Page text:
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A note on the Aristotelian origin of Popper's demarcation criterion together with its application to Atlantic Canada's fisheries

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dc.contributor.author Corkett, Christopher J.
dc.date.accessioned 2012-03-26T14:08:14Z
dc.date.available 2012-03-26T14:08:14Z
dc.date.issued 2012-03-26
dc.identifier.uri http://hdl.handle.net/10222/14525
dc.description Christopher is currently applying Karl Popper's non-inductive theory of method to the management of the world's commercial fisheries. en_US
dc.description.abstract It has not always been realised that Karl Popper's demarcation criterion, the criterion he uses to distinguish an empirical science from its 'metaphysical' complement involves an interpretation of the classical theory of terms. From the beginning Popper's criterion never was an attempt to distinguish some subject matter called 'science' from some subject matter called 'metaphysics'. His criterion of falsifiability always was an attempt to distinguish the logical strength of a universal law from the logical weakness of its complement, a complement that can bear no fruit. For example: if the falsifiability criterion is applied to the management of the fisheries of Atlantic Canada we can distinguish the bold and sound management of Atlantic lobster from the weak and unsound management of Atlantic groundfish. In the early 1990's Newfoundland's fishery for Atlantic cod suffered a major collapse that has become one of the world's most prominent case studies of failure in fisheries management. Under Popper's analytic theory of demarcation a weak management with no problem solving potentiality is to be held responsible for the collape of Newfoundland's Atlantic cod fishery. en_US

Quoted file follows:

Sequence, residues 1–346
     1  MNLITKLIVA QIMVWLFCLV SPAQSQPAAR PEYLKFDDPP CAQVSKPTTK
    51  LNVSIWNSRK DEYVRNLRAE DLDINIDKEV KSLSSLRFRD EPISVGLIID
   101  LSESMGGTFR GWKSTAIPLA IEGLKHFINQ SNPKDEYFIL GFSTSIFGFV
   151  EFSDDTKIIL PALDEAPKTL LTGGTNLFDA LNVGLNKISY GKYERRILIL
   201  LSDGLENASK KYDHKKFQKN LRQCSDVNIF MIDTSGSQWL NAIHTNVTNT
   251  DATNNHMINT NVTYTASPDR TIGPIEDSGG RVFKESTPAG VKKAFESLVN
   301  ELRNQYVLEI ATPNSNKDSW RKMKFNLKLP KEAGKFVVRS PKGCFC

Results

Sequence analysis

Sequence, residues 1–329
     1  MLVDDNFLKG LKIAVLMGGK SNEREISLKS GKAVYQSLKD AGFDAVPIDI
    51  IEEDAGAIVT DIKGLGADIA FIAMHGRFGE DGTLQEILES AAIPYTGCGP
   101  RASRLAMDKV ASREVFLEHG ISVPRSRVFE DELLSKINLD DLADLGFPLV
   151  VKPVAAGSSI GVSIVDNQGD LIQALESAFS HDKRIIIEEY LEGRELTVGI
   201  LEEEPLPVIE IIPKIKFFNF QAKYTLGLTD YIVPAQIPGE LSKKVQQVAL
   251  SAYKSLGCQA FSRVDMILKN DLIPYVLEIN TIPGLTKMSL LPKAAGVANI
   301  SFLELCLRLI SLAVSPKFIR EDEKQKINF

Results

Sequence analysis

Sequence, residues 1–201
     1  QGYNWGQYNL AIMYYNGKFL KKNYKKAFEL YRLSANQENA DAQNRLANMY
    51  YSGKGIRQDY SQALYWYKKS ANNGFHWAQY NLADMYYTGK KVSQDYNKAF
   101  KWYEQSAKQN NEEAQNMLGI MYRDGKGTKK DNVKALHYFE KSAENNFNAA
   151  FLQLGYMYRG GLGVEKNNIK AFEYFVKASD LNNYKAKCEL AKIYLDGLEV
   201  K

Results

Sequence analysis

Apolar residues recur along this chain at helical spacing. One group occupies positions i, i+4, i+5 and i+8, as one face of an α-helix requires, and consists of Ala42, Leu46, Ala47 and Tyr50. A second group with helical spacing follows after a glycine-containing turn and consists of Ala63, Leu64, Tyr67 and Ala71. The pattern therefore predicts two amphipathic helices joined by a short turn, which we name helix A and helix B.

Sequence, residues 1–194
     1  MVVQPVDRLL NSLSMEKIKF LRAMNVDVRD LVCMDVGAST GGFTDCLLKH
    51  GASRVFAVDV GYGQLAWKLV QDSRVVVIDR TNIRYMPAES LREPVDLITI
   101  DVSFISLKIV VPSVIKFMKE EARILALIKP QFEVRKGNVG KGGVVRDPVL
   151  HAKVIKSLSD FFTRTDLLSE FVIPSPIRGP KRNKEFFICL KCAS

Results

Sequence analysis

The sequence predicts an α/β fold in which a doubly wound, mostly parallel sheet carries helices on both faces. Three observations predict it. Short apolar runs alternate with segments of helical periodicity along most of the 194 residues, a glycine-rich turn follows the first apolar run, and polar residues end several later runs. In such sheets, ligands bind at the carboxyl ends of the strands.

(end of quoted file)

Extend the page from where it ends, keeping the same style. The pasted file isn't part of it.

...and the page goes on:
dc.language.iso en en_US
dc.subject Aristotle
dc.subject Popper
dc.subject Fisheries management
dc.title A note on the Aristotelian origin of Popper's demarcation criterion together with its application to Atlantic Canada's fisheries en_US
dc.type Working Paper en_US


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